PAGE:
Newspaper of The New York Herald, February 22, 1842, Page 1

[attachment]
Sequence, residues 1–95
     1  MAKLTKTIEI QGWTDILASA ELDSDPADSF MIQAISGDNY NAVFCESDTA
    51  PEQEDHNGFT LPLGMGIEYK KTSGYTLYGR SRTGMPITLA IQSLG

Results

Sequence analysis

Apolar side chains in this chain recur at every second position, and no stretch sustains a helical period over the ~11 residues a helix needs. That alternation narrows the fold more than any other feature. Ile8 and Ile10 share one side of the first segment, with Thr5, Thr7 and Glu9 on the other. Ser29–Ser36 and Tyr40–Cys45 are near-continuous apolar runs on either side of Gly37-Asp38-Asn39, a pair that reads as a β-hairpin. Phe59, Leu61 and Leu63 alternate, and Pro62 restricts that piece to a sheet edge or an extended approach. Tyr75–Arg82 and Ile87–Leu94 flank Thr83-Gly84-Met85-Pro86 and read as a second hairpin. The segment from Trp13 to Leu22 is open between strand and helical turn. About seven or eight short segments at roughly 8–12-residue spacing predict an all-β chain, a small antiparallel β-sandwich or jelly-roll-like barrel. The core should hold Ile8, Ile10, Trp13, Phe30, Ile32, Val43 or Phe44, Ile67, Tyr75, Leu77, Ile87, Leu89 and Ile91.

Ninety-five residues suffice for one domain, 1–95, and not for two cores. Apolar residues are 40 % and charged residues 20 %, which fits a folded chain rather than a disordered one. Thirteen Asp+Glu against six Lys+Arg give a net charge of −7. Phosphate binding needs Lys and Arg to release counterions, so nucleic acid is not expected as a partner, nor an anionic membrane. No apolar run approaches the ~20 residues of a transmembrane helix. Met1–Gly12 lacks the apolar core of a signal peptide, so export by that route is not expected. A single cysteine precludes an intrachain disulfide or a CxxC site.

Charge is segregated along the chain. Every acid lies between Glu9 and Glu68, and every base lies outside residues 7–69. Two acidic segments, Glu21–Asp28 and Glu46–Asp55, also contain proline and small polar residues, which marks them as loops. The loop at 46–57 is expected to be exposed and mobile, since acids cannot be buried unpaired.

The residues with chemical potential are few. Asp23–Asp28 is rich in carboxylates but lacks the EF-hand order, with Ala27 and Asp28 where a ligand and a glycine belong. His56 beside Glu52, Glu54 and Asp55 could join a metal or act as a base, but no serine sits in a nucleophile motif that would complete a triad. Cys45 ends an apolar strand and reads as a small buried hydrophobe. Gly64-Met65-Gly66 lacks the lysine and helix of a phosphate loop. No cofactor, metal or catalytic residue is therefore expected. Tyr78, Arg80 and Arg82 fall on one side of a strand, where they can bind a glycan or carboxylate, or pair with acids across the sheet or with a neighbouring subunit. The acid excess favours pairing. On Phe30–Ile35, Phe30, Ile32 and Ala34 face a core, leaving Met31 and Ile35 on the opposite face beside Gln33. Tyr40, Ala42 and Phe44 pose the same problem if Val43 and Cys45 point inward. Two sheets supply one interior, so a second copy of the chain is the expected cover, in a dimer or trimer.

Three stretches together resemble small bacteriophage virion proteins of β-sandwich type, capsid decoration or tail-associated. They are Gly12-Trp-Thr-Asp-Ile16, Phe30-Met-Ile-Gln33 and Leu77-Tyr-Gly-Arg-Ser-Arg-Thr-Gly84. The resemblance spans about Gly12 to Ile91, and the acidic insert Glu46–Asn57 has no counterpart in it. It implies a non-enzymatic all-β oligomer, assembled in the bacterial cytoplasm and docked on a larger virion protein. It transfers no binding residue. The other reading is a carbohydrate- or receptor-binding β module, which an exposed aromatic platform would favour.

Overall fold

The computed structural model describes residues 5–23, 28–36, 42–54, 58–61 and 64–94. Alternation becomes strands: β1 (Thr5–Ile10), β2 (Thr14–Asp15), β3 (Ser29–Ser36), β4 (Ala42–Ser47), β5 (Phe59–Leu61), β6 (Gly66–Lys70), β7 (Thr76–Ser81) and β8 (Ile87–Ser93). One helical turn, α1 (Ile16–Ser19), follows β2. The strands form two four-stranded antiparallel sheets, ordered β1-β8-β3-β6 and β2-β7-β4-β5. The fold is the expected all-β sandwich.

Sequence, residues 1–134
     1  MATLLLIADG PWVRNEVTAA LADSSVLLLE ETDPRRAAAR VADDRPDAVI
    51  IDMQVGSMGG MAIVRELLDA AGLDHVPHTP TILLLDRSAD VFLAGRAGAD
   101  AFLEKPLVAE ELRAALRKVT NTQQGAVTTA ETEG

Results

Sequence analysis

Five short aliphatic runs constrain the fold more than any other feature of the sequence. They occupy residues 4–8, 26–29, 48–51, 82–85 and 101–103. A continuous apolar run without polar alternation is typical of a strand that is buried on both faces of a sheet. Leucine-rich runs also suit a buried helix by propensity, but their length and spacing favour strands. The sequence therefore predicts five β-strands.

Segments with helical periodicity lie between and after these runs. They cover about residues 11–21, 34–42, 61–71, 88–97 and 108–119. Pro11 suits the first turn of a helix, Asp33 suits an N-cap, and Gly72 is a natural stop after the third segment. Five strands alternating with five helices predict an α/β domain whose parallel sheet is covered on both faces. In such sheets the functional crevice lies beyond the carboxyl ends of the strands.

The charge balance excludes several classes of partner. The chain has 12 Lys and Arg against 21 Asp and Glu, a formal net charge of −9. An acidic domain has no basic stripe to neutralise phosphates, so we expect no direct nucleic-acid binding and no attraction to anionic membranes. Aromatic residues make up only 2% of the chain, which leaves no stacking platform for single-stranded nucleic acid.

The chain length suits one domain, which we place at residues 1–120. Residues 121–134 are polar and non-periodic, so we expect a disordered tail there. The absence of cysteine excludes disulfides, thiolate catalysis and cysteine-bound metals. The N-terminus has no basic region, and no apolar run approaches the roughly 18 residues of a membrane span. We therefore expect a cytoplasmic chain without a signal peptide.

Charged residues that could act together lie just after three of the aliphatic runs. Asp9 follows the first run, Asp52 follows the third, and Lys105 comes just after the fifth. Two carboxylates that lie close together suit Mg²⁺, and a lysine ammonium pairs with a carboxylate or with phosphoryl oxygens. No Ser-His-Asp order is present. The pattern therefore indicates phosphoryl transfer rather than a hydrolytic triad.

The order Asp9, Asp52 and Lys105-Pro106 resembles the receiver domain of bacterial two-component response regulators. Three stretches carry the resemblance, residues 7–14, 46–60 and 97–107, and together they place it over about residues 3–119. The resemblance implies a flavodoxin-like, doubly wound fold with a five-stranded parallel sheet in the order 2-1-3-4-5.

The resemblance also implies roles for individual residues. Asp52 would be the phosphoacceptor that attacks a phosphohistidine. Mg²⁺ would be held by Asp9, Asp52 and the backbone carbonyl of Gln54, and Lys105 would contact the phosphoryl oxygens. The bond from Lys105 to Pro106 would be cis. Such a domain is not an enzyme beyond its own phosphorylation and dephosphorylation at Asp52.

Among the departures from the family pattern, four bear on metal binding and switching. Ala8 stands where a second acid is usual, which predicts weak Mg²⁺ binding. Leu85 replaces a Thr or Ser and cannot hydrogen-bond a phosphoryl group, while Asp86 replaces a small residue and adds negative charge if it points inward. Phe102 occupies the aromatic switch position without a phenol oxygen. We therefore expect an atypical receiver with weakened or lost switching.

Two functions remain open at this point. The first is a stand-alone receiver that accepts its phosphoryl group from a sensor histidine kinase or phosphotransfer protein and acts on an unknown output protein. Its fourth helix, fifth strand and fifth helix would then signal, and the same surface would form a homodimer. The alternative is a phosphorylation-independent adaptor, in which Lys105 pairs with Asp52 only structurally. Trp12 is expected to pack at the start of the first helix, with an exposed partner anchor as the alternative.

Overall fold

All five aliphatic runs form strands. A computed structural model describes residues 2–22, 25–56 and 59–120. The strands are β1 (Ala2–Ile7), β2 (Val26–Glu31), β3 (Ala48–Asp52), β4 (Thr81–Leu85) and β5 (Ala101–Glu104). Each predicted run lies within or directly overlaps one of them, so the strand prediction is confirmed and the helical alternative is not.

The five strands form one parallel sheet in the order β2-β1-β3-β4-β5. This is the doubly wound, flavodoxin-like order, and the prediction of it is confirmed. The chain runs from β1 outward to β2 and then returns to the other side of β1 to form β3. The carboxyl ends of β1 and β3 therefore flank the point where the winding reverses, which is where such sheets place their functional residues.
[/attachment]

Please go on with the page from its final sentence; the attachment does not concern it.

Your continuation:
February 22, 1842 Tarihli The New York Herald Gazetesi Sayfa 1